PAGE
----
The myth that our congregation must grow is one of the most deceptive of them all. It seems like such a good idea. But remember, mankind's good is a poor substitute for God's best. What's the impact on you and your family? Energy, money, gifts and talents wasted. Instead of building a relationship with Christ, you're in danger of focusing on the efforts of the church. Relationships No, programs YES. And the further away you and your family move from the purity of Christianity, the sadder and more unfulfilled are your lives. Focus your energy and your family's on the "congregation must grow" and you are likely to look back in sadness and regret a number of years from now.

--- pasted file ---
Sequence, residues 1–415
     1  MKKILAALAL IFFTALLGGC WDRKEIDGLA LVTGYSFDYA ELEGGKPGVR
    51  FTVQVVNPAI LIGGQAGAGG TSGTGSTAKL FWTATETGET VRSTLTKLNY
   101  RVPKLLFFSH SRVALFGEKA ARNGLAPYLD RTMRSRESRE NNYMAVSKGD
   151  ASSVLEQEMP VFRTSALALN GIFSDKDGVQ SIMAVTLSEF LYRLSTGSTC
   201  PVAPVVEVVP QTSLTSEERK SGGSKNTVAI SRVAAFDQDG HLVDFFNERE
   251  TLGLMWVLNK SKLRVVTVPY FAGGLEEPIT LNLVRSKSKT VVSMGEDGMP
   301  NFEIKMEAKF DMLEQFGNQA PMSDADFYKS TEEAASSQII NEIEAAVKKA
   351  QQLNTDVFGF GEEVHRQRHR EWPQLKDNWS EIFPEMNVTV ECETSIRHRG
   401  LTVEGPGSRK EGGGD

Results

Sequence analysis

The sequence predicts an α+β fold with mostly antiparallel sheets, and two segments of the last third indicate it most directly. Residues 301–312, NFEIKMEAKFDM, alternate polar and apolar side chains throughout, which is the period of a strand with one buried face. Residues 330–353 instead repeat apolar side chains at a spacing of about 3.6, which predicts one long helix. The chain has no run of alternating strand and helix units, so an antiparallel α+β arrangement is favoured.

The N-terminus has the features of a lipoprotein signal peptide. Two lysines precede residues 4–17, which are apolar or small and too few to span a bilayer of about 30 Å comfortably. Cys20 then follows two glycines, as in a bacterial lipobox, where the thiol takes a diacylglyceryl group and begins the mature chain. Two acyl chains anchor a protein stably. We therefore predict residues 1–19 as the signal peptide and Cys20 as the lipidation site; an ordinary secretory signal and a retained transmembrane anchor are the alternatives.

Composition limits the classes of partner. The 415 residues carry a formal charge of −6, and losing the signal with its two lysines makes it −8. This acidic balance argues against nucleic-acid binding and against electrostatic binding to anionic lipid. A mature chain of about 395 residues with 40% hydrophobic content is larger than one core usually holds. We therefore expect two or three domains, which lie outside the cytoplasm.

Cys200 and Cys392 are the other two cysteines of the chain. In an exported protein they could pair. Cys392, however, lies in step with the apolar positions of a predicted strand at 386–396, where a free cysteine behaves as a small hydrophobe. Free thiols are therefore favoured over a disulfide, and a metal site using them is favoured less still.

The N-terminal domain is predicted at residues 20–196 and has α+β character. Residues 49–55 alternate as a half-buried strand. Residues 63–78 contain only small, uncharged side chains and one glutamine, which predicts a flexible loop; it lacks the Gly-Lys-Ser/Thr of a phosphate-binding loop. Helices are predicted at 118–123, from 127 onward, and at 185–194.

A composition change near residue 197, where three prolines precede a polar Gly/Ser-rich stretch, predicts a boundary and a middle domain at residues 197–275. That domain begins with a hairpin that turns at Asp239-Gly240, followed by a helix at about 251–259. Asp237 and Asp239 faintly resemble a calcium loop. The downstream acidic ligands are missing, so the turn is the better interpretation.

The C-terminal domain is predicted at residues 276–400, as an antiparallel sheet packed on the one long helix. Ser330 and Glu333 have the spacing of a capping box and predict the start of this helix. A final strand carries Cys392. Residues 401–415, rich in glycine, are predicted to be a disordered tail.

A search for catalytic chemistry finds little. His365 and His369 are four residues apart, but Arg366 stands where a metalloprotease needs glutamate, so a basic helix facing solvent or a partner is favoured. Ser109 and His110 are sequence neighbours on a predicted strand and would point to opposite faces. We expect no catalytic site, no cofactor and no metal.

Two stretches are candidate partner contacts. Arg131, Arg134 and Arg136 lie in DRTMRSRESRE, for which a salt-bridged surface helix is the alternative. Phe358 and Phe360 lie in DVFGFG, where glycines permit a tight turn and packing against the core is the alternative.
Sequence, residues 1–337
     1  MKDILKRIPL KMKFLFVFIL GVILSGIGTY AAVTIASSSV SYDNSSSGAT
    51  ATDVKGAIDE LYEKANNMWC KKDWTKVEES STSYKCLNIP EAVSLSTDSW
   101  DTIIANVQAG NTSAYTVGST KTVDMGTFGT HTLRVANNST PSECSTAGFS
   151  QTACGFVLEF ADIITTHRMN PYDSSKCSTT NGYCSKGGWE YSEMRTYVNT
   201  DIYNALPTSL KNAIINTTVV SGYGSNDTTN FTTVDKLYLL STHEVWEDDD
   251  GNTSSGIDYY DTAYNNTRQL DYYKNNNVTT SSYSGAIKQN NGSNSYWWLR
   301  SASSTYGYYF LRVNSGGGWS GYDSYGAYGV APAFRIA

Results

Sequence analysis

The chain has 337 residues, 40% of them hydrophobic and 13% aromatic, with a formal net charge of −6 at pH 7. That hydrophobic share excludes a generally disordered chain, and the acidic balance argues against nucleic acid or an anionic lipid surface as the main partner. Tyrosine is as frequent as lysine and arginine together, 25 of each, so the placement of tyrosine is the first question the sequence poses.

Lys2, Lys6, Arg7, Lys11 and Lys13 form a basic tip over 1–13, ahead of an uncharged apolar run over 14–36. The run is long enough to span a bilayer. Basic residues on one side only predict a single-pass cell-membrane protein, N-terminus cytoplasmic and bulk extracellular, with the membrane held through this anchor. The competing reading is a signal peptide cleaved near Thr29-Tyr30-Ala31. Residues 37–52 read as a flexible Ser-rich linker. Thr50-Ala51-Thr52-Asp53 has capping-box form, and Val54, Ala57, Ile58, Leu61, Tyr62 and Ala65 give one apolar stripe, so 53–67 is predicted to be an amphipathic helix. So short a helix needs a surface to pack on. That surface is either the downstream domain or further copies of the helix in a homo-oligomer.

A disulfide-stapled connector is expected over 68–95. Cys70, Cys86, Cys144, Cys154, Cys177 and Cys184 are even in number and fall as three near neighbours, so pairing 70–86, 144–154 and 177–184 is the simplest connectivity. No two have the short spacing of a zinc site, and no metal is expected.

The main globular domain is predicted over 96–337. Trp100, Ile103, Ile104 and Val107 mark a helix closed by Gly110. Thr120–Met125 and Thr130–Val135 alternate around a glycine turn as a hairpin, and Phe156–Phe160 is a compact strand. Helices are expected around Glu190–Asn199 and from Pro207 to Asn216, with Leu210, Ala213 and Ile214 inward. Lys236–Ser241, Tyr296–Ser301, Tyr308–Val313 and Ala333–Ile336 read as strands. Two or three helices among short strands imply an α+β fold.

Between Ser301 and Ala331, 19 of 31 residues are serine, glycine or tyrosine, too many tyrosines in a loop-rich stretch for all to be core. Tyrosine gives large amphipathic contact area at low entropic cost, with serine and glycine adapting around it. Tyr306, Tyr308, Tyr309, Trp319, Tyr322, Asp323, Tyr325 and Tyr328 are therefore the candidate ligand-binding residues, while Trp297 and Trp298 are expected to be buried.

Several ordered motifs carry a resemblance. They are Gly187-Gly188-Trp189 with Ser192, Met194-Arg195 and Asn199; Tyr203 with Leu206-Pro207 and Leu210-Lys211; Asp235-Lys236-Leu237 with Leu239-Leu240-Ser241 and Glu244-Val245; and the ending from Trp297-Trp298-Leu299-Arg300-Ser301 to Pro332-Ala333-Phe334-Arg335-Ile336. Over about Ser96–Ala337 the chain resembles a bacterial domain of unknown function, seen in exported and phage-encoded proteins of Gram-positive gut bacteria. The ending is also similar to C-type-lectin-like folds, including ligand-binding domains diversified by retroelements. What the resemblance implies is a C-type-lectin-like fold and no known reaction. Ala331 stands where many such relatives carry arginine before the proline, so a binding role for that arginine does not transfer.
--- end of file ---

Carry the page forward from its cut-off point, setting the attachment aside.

Practice Three: Church is primarily about teaching and worship service.

Our culture has instilled in our minds the idea that Church is primarily about two things: going to classes, and worship services. These two ideas are so central to the modern church's view of "church" that we could not conceive of church as anything other than this.

Visit any institutional church and you will always find two things going on: teaching and worship. In fact, much of the energy and money spend by the modern church is spent to foster these two things. We need to build a larger building. Why? So we can have more classrooms. We need to build a larger sanctuary. Why? So we can all worship together.

Again, these concepts are so deeply instilled that no one can question them without being viewed as beyond radical, or immensely stupid.

But maybe they should be questioned. Let's again consider them from the viewpoints of their practical consequences and the biblical perspective.